Among the more noteworthy stories are "The Parasite" and "Exile of the Eons." The former shows Clarke's often overlooked versatility. Clarke suggests several times in this period his interest in Poe. But it is a later American, H P Lovecraft, who seems to emerge. American literature may have really been on the author's mind at this time, as the motif of suspended animation as practical, one-way time travel evokes "Rip Van Winkle" (in "Exile" and others). The idea (expressed in the latter as well as Sands of Mars) that one's colonial offspring may one day exceed the greatness of the parent society may well be a reflection on the fin de siècle of empire, open to interpretation as America ascending. Or I may be in a sentimental mood... Neverthess, both stories are chilling - unexpected fare from an author capable of swashbuckling adventures as well as hard science fiction, but seldom fantasy and never horror.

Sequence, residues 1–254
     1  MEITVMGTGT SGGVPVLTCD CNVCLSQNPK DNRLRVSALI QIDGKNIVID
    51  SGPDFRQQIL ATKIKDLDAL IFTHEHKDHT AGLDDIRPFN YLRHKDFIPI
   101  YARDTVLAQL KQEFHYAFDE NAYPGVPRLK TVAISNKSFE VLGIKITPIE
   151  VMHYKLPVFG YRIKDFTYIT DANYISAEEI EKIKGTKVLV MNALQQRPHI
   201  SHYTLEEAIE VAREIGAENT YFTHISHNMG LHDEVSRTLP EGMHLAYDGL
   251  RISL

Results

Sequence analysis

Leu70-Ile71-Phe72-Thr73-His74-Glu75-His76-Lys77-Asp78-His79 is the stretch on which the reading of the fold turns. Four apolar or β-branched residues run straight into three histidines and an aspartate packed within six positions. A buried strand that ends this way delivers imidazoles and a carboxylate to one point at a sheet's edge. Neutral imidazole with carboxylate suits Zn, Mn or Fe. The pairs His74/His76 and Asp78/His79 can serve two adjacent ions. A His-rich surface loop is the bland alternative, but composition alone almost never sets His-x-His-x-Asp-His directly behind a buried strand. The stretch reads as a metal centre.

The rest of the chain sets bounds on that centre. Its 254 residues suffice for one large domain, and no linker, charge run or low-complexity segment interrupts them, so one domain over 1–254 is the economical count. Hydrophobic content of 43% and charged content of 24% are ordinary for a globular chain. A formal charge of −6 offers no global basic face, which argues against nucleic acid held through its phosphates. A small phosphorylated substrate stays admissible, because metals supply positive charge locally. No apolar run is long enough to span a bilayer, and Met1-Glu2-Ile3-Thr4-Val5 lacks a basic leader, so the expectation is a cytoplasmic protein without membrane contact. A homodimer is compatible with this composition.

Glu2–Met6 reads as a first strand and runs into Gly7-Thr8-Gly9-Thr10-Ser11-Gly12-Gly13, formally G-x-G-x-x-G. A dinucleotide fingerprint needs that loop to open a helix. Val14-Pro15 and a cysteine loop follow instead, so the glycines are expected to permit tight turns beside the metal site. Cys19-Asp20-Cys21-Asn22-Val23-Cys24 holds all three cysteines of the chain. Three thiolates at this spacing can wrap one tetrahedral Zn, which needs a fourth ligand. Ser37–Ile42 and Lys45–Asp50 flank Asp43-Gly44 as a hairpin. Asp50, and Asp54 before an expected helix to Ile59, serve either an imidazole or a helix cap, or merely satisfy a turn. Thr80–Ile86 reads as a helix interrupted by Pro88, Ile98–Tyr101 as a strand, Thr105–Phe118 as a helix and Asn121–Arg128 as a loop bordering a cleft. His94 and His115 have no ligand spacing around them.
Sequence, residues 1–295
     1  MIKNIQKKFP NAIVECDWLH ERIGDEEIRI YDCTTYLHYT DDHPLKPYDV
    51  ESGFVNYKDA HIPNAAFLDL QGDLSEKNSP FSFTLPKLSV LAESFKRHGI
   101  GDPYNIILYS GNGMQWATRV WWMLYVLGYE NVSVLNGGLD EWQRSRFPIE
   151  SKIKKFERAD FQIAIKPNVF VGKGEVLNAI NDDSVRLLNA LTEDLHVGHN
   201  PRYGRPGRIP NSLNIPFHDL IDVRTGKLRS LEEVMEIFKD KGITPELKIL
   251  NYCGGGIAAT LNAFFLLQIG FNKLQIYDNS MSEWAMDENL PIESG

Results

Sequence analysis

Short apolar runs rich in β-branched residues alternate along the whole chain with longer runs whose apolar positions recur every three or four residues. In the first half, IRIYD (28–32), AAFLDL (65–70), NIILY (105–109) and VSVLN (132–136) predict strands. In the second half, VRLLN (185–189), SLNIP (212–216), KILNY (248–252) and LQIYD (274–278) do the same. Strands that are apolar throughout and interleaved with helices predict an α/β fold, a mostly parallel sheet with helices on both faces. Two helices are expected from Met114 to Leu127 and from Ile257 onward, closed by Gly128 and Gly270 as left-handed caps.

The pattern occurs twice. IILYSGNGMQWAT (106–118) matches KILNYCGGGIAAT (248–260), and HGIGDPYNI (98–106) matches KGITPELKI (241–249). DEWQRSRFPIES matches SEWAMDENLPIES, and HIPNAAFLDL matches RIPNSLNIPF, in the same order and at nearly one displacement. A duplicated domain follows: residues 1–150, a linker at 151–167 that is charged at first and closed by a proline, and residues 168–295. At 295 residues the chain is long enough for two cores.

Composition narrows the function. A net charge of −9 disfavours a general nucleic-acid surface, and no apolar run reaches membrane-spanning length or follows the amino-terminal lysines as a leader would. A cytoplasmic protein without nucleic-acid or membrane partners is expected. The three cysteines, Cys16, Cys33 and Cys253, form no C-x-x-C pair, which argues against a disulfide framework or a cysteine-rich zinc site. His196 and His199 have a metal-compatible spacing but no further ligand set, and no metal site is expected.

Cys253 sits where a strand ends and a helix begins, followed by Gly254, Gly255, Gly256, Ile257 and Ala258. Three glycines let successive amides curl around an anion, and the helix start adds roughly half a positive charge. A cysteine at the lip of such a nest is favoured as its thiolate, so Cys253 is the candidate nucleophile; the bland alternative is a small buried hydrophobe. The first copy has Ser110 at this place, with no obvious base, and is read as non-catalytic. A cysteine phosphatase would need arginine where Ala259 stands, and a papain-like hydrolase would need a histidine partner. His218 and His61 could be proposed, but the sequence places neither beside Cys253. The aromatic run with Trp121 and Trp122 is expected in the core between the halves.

Of course, science fiction's greatest liability is the inevitability of later being invalidated by actual, subsequent scientific reality. That's why the best science fiction writers are philosophers at heart, experts in the formation of durable koans. How else would a 60+ year old collection of premises utterly devastated by errors in their predictions* make for edge-of-your-seat reading in the 21st century?